Blog

Welcome to Turning East

This website features recorded interviews which were edited to be read but also to retain the language of the individual storyteller–edited oral history. The writing/telling style of the posts varies from one to another. Sometimes with a name change to protect privacy. The interviews begin in 1985 and continue into the present. Almost all are set in  China, Korea, Japan or the Philippines and center on personal, intercultural experience of life, work and travel. Occasionally I include a story of my own. I’ve now gone to posting once a month.

Years ago I was flooded with spam comments and posts–over … Read More

A World-Class Filipino Musician

I first met Noli Aurillo and his partner, Bessy, at Tago Jazz Café, where he performed frequently. I became an instant fan of his quieter solo guitar music. Sometimes Bessy and I would watch together. On March 25, 2022, I made my first venture out into night life since the beginning of the pandemic and discovered Tago was doing an evening tribute to him. I hadn’t

known that he’d died. I sat with Bessy, who was upset about an article that had appeared in a local paper, and told her she could tell her story here however she wanted to. … Read More

An Unintended Adventure, Part 3

 

Part 1 of “An Unintended Adventure,” is told by Chris’s wife, Geri. (Link) Part 2 gets the story of his accident and physical rehabilitation from his perspective. It ends with the importance of remaining physically active when fighting back from the loss of limbs or an injury or just in living. (Link) Part 3 takes that message up again and also delves into the mental/spiritual state that makes conscientious rehabilitation possible. Another interview with Chris is about his adventures among a mountain tribe in Indonesia. (Link)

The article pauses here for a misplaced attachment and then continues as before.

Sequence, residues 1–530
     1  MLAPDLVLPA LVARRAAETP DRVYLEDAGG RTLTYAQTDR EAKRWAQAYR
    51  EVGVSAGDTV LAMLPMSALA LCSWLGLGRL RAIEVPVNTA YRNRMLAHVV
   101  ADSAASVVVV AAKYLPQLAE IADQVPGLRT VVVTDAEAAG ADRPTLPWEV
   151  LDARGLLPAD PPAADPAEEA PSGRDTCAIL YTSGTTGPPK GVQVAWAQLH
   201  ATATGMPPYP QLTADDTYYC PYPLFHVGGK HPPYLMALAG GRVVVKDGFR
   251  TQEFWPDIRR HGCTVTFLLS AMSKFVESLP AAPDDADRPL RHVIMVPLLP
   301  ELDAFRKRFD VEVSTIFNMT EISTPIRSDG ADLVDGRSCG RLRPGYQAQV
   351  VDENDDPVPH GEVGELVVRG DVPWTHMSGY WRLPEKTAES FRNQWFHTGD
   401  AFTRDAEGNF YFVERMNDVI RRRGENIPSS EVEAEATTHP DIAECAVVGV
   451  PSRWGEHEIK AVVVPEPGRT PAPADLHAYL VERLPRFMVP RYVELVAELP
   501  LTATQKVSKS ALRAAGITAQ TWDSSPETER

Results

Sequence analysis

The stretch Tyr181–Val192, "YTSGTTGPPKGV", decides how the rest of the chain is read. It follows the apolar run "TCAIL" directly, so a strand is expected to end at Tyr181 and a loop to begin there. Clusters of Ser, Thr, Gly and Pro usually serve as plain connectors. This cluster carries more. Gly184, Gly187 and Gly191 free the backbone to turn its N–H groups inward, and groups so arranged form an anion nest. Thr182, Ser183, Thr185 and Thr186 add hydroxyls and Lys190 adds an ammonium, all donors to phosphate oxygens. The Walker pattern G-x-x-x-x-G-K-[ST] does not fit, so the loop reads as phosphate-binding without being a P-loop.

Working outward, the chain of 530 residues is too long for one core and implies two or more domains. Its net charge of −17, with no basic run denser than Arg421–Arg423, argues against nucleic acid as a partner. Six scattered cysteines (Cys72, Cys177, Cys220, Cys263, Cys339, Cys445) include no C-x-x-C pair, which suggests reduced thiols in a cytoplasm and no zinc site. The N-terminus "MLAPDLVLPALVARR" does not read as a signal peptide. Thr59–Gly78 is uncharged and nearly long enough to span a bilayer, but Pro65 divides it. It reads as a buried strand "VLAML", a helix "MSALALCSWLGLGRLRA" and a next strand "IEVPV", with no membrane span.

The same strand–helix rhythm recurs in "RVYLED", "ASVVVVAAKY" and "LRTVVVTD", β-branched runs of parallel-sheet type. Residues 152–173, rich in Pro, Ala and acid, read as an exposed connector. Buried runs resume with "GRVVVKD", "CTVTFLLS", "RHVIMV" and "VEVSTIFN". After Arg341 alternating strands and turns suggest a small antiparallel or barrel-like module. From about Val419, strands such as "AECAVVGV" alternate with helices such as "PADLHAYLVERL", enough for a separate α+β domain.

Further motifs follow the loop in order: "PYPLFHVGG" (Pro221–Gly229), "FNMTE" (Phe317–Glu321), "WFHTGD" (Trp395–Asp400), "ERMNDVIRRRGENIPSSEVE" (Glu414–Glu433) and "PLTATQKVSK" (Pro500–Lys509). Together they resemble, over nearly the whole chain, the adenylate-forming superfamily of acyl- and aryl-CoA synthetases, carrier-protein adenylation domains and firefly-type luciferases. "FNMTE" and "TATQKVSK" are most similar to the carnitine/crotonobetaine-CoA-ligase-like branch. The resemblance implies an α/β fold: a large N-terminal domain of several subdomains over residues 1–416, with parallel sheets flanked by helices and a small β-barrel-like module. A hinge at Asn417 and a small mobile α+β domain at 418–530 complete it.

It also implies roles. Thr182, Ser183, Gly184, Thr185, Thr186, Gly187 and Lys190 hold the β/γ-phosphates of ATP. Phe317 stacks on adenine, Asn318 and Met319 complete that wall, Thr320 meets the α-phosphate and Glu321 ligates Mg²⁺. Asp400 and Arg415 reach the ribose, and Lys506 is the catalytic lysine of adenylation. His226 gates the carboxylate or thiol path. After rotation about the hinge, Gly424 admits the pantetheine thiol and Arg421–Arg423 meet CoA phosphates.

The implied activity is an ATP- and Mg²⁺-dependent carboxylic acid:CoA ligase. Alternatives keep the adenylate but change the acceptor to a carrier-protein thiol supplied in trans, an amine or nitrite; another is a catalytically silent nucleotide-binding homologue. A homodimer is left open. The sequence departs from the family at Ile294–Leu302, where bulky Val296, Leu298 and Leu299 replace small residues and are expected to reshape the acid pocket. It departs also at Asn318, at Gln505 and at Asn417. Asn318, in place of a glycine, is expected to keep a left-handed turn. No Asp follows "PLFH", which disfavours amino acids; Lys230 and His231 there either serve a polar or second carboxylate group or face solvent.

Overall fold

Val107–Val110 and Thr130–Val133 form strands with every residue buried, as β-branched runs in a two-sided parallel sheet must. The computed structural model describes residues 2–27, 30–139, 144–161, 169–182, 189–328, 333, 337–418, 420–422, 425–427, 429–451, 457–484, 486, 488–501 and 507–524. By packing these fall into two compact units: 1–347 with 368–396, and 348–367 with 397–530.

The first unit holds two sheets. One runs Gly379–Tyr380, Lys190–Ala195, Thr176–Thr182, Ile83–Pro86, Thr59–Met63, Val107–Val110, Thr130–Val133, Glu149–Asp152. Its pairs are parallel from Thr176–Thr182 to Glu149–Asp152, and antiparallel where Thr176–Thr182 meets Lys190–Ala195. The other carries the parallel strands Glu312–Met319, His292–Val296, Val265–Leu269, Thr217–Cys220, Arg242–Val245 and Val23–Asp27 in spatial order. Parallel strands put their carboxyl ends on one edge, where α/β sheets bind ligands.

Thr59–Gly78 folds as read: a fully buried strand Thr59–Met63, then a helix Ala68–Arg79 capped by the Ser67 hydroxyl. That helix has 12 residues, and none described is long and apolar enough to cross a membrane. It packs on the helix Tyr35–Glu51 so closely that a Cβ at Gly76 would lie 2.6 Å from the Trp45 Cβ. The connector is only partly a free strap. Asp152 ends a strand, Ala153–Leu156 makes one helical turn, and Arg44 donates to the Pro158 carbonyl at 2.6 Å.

We spoke when Chris was at home in Florida and Read More

An Unintended Adventure, Part 2

On December 10, 2016, I posted an interview with Geri Dickinson about the accident, the rehabilitation, their wedding and life together.[ Link] Geri and I have always been pretty open with each other, so it struck me during and after this interview was that not once did I hear a tone of voice or a hesitation suggesting marrying a guy who’d lost both legs might not be such a good idea. That speaks to their love for each other. Not many people are so fortunate.

My first interview with Chris was about his adventure with a mountain tribe in Read More

Being an Expat

 

Recently, I heard an American resident of Ukraine talk about the sympathy expressed by Ukrainians after 9/11. I’d also felt a lot of sympathy even from left-wing university students in South Korea, usually indifferent or hostile to the US. I used it as an opportunity to insert some National Public Radio coverage as listening materials. In Korea, the sympathy ended when the first US bomb hit Afghanistan. On the 9/11 anniversary, I posted on Facebook, and Michele responded that she’d been concerned about what effect the news would have on foreigners in the Middle East, where she was at the Read More

Encore Post: How to Succeed at Languages without Really Trying

I’m reposting this interview with one of my best students, if not the best,  because it offers good advice. It shows how natural learning becomes if you are truly immersed into something, maybe obsessed with it.

From 1966 to 2006, except for the three years I tried to be a studio potter, I taught foreign languages—either German to Americans or English to Chinese and Koreans. During that time there was one student whose language proficiency was a really remarkable achievement. By the time I met Byoung-ok, he’d made himself bilingual and bicultural. I thought at first that he’d gone to Read More